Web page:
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Carcinogenesis. 2007 Sep;28(9):1960-4. Epub 2007 Jul 7.

Glutathione S-transferase polymorphisms, cruciferous vegetable intake and cancer risk in the Central and Eastern European Kidney Cancer Study.

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  • 1Division of Cancer Epidemiology and Genetics, National Cancer Institute, National Institutes of Health, Department of Health and Human Services, Bethesda, MD 20892, USA. moorele@mail.nih.gov

Abstract

High consumption of cruciferous vegetables has been associated with reduced kidney cancer risk in many studies. Isothiocyanates, thought to be responsible for the chemopreventive properties of this food group, are conjugated to glutathione by glutathione S-transferases (GSTs) before urinary excretion. Modification of this relationship by host genetic factors is unknown. We investigated cruciferous vegetable intake in 1097 cases and 1555 controls enrolled in a multicentric case-control study from the Czech Republic, Poland, Romania and Russia. To assess possible gene-diet interactions, genotyped cases (N = 925) and controls (N = 1247) for selected functional or non-synonymous polymorphisms including the GSTM1 deletion, GSTM3 3 bp deletion (IVS6 + 22-AGG) and V224I G>A substitution, GSTT1 deletion and the GSTP1 I105V A>G substitution. The odds ratio (OR) for low (less than once per month) versus high (at least once per week) intake of cruciferous vegetables was 1.29 [95% confidence interval (CI): 1.02-1.62; P-trend = 0.03]. When low intake of cruciferous vegetables (less than once per month) was stratified by GST genotype, higher kidney cancer risks were observed among individuals with the GSTT1 null (OR = 1.86; 95% CI: 1.07-3.23; P-interaction = 0.05) or with both GSTM1/T1 null genotypes (OR = 2.49; 95% CI: 1.08-5.77; P-interaction = 0.05). These data provide additional evidence for the role of cruciferous vegetables in cancer prevention among individuals with common, functional genetic polymorphisms.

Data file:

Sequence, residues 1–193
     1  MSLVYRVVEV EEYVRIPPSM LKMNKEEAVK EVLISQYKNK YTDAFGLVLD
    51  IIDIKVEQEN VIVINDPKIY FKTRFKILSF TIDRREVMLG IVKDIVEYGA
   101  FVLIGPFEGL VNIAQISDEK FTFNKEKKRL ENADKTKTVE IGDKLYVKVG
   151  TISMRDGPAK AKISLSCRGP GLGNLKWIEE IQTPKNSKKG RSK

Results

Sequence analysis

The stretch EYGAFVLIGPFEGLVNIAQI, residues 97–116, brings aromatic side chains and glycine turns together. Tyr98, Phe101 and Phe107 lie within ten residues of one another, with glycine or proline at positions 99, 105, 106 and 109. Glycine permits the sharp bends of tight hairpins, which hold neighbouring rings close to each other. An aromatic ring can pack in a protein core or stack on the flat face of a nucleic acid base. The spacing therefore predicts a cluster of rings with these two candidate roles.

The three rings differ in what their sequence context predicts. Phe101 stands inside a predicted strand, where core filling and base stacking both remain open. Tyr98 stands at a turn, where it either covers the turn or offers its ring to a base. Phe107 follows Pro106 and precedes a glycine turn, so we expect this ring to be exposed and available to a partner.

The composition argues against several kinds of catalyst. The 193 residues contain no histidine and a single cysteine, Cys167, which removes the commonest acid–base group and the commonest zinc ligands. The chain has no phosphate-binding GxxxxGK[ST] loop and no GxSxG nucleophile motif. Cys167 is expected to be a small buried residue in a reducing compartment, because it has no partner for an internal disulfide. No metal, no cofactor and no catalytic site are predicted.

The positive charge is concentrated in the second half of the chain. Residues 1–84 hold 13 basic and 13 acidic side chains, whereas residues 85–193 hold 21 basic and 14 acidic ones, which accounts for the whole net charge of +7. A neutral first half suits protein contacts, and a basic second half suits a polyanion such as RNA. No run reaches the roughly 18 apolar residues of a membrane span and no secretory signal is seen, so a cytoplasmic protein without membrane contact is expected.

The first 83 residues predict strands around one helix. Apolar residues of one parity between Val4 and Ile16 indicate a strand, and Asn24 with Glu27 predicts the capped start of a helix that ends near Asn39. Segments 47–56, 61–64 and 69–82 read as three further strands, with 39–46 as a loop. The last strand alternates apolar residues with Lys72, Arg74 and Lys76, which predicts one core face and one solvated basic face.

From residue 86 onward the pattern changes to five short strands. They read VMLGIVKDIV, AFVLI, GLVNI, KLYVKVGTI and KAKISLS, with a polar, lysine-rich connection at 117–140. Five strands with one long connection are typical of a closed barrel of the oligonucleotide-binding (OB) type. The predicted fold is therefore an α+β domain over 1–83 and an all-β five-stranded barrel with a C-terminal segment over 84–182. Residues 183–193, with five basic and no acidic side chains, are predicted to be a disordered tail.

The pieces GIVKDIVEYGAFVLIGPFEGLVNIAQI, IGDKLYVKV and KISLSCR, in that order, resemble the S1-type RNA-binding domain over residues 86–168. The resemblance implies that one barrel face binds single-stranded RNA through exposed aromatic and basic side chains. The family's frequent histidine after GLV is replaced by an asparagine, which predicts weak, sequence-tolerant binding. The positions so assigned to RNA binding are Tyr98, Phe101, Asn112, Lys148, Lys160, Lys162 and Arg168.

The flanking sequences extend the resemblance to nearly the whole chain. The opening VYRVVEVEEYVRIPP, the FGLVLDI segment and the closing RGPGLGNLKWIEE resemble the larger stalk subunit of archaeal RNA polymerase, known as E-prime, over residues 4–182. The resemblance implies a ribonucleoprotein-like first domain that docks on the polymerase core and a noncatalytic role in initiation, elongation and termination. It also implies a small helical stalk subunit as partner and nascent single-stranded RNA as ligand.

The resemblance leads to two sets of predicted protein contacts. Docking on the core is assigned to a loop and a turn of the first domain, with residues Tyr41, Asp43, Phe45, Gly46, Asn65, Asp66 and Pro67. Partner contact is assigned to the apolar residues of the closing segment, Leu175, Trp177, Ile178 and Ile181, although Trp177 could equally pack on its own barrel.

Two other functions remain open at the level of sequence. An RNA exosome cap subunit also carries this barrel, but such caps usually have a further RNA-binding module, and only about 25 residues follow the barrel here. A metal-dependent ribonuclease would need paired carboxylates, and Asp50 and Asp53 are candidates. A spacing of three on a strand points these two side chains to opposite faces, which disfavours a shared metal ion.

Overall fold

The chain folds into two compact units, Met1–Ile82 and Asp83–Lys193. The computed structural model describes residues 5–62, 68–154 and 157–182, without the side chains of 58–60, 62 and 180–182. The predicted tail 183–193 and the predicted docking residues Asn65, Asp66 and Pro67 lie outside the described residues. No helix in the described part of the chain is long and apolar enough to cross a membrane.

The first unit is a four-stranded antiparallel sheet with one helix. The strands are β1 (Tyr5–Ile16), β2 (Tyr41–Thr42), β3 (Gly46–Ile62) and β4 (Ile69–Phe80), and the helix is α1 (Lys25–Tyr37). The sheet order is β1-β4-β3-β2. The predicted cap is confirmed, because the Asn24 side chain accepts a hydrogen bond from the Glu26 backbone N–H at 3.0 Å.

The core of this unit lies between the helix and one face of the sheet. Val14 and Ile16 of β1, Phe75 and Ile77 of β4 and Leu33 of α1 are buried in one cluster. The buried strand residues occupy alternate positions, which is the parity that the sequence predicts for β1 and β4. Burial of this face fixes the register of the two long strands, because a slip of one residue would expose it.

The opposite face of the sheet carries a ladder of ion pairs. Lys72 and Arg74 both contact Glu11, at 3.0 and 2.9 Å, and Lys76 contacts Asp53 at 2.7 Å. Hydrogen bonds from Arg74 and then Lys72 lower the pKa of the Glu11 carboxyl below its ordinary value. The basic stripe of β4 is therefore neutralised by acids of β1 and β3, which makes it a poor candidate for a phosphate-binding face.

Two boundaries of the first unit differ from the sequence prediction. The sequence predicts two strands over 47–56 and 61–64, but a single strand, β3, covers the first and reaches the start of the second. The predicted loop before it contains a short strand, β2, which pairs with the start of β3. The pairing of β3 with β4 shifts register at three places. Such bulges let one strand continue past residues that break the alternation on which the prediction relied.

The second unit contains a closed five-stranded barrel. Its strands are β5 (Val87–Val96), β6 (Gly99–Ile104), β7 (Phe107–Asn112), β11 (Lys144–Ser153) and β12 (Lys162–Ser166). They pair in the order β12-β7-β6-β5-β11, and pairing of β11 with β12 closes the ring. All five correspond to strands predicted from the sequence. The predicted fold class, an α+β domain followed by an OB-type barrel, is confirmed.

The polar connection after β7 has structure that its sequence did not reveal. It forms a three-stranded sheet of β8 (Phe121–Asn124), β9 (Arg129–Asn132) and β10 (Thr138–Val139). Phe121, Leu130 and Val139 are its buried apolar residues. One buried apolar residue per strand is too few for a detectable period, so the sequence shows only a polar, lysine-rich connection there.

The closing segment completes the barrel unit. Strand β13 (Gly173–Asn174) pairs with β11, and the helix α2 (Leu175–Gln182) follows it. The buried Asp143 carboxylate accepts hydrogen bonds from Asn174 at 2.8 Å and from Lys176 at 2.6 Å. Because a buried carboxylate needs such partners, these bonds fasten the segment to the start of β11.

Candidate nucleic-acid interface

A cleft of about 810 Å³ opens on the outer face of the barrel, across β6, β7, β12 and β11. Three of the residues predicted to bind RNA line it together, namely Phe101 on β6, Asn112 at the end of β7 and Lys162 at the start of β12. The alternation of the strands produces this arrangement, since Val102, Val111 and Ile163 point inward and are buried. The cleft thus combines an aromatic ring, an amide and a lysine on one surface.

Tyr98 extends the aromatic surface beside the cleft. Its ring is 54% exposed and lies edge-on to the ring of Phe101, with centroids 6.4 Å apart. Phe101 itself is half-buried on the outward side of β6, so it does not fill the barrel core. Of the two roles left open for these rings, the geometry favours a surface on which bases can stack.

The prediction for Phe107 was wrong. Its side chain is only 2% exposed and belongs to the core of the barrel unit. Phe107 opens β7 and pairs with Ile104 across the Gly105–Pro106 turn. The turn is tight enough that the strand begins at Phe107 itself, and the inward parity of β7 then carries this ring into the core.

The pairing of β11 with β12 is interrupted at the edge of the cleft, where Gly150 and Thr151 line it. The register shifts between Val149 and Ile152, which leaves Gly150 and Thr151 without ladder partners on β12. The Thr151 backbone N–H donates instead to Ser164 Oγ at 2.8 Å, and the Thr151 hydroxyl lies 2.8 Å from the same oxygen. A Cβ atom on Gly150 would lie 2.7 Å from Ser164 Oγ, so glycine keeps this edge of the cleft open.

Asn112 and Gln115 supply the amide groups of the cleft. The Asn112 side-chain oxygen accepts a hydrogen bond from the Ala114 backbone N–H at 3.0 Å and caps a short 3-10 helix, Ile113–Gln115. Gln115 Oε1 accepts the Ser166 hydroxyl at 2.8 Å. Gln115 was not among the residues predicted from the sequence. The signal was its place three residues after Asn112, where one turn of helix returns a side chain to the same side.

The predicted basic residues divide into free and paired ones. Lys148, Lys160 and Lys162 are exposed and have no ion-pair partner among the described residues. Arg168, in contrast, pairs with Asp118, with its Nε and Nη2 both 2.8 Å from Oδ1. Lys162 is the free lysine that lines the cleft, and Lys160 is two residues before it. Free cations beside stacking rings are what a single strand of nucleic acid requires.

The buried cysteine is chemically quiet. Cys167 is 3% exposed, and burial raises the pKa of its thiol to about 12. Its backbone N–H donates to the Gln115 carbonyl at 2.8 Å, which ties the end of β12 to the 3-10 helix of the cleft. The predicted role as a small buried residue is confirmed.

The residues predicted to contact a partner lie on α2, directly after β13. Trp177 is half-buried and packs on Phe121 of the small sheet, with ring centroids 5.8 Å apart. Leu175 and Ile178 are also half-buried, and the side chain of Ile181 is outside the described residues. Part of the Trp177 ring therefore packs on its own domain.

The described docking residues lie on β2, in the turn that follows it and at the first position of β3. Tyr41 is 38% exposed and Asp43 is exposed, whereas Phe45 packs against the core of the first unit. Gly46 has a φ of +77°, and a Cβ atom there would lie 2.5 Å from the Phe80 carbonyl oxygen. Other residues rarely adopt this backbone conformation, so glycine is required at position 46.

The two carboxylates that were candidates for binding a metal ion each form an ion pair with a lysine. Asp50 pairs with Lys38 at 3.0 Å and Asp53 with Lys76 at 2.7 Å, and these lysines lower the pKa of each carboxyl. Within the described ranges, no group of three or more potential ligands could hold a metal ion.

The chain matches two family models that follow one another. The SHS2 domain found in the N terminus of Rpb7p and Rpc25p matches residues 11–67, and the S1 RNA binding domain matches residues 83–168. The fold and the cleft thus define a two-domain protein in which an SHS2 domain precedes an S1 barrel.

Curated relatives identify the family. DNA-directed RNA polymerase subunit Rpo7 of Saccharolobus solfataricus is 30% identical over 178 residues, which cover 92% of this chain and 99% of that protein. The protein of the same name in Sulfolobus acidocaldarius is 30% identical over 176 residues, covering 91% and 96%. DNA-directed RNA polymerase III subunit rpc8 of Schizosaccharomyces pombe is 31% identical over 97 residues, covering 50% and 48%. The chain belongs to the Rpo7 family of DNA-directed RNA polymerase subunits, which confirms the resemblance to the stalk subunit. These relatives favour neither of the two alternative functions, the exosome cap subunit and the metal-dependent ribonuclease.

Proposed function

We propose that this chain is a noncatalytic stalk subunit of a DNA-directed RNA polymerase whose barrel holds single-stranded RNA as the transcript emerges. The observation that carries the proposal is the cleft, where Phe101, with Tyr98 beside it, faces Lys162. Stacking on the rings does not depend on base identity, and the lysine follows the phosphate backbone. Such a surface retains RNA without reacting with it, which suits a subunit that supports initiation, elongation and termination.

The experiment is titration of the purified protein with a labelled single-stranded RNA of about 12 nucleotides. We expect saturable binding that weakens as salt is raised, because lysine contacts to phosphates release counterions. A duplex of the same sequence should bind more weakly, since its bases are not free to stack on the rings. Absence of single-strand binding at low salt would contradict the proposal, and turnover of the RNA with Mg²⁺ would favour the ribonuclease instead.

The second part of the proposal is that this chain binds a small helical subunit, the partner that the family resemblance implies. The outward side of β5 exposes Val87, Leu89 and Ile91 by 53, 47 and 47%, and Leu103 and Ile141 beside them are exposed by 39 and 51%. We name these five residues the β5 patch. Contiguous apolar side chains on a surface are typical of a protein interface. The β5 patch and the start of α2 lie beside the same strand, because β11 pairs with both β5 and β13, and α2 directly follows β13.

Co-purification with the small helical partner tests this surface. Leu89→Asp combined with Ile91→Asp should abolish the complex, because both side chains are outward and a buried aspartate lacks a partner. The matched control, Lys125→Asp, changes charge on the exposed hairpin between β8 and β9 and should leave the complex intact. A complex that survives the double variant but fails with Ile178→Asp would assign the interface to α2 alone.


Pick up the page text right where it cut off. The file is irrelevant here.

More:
PMID:
17617661
[PubMed - indexed for MEDLINE]
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